Early entries for the 2019 RORC Caribbean 600 reveal a stunning fleet of famous professional teams taking part alongside passionate corinthian crews. Famed for spectacular sailing conditions on an intricate and mesmerizing course, the 11th edition of the RORC Caribbean 600 is set to be an absolute cracker.
Two months before the start of the race 50 teams have thrown down the gauntlet; over 10% more than the same time prior to the record entry of 88 yachts in 2018. The race is a truly international affair with teams from all over the Caribbean Islands, Canada, Chile, Great Britain, Finland, France, Italy, Germany, the Netherlands, Norway, Sweden, Switzerland and the USA.
For the first time in the history of the race, three ocean-going trimarans in the shape of Jason Carroll’s Argo, Giovanni Soldini’s Maserati and Peter Cunningham’s PowerPlay will be battling for multihull line honours and the race record, set in 2016 by Lloyd Thornburg’s Phaedo3 in 31 hours, 59 minutes, 4 seconds.
The IRC fleet racing for the overall win and the RORC Caribbean 600 Trophy, boasts three magnificent yachts; the 203ft (62m) schooner Athos, skippered by Tony Brookes, the 115ft (35m) sloop Nikata, skippered by Tom Brewer, and the 96ft (30m) sloop Sorceress, sailed by Will Apold.
Two Maxi 72s will be locking horns; previous winner George Sakellaris’ Proteus and the brand new Bella Mente sailed by Hap Fauth. American Volvo Ocean Race skipper Charlie Enright will be hoping for victory with the American Volvo 70 Wizard. In two previous editions, the race has been won overall by a Cookson 50. This year, two new teams will be hoping to increase the statistic. Franco Niggeler’s Kuka3 is on a high from their overall win in the RORC Transatlantic Race and the highly experienced team racing Triple Lindy will be led by Joseph Mele.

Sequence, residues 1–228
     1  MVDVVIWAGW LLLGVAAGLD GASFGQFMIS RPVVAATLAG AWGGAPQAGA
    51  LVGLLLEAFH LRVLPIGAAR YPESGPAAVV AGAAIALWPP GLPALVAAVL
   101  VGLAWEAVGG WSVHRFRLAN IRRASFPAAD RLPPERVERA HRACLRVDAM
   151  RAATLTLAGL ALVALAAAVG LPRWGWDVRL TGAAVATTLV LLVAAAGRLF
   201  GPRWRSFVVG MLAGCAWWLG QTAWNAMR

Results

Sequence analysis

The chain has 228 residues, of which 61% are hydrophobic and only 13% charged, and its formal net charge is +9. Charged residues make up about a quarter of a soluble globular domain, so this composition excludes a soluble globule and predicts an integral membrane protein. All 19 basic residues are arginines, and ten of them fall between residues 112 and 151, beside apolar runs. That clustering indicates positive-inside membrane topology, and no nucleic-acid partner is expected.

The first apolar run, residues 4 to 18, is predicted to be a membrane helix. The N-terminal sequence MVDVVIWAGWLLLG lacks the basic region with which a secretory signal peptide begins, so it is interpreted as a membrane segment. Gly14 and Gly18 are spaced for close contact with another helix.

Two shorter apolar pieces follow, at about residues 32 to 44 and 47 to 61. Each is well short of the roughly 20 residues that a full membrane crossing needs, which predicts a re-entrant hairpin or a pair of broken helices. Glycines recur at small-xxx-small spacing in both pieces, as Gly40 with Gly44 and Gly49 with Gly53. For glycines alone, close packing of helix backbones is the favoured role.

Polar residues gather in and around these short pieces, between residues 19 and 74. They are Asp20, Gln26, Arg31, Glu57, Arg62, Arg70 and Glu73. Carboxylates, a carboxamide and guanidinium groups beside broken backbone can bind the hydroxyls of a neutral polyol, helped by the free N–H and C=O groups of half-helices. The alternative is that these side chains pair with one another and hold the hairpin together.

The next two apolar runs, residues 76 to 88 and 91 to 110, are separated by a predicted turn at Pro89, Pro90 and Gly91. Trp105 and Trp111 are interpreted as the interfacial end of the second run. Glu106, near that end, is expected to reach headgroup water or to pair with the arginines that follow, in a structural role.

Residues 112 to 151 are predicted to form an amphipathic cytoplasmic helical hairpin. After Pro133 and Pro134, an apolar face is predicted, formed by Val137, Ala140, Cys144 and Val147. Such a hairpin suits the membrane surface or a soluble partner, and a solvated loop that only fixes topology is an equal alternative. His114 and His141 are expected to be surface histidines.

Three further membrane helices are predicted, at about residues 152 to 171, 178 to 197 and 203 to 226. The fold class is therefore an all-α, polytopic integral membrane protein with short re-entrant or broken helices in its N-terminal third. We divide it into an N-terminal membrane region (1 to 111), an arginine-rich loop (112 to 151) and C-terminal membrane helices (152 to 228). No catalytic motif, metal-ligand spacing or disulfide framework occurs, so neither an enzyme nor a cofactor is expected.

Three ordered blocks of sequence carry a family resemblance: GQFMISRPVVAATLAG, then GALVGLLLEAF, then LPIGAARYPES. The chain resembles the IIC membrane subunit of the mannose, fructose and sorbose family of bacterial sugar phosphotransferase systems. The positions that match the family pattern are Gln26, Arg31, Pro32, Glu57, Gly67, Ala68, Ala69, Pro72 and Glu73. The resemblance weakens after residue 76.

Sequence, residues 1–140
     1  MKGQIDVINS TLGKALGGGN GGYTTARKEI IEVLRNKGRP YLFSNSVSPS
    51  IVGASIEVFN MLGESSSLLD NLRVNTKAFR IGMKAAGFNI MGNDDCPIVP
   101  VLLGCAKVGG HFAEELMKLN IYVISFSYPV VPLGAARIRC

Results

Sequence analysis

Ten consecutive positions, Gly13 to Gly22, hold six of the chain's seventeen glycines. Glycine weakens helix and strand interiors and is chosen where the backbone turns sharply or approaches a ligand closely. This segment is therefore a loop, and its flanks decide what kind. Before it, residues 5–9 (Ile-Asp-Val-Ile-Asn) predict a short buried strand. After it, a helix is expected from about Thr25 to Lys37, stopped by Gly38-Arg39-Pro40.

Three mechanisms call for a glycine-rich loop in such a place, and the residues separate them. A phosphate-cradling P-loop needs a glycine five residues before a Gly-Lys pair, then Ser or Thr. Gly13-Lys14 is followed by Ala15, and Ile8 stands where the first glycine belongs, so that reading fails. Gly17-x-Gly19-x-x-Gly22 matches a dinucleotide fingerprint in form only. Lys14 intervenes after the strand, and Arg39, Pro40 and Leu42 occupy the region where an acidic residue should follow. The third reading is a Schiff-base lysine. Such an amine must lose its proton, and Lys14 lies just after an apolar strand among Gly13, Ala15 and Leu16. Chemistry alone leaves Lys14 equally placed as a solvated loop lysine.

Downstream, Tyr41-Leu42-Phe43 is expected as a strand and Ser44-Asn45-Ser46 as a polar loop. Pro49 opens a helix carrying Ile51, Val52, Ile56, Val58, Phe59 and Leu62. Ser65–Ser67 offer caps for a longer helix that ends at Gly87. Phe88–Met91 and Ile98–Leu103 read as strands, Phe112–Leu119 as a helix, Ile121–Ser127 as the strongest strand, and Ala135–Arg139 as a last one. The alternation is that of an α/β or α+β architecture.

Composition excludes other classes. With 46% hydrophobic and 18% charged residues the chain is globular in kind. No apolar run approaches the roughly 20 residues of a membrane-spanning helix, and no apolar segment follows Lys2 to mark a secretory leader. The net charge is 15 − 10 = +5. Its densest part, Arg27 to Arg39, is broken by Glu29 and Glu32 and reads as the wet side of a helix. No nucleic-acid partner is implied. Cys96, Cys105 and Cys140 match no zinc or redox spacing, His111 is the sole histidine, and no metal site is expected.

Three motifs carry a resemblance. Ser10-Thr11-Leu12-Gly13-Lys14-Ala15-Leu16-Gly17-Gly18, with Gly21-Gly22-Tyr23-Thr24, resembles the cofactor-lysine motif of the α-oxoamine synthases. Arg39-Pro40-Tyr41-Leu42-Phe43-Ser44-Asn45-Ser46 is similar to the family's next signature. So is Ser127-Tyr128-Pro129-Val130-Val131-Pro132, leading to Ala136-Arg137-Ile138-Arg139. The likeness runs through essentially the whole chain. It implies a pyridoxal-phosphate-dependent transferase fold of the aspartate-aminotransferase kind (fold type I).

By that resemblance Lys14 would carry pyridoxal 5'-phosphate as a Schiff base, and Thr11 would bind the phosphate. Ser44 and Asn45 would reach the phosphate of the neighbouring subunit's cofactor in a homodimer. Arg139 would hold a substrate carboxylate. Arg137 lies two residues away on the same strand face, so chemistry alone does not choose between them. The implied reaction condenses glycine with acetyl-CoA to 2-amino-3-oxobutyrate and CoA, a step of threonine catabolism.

A record entry of Class40s is also expected to compete in the race. The 2018 Route du Rhum featured 53 of these pocket rockets, bound for Antigua’s neighbour island of Guadeloupe. With another transatlantic race organised in March, 10 or more Class40 are likely to take part in the RORC Caribbean 600. Among the early entries is Catherine Pourre’s Eärendil which set a new Class40 record for the race last year (2 days 13 hours and 15 seconds).
“We are delighted to be heading back to Antigua for the 11th edition of the RORC Caribbean 600,” commented RORC Racing Manager, Chris Stone. “This coming year we are anticipating close to 100 boats from all over the world who will be coming to Antigua to enjoy the challenging racing and amazing weather. We are expecting an extremely good mix from within the fleet, seeing our smallest competitors tussling with the larger race machines for the prestigious IRC overall trophy. As usual, there will be a great welcome party and prize-giving event, plus every yacht will be met dockside with cold beers and a warm welcome from our wonderful team of volunteers.”
Event website: caribbean600.rorc.org
by Louay Habib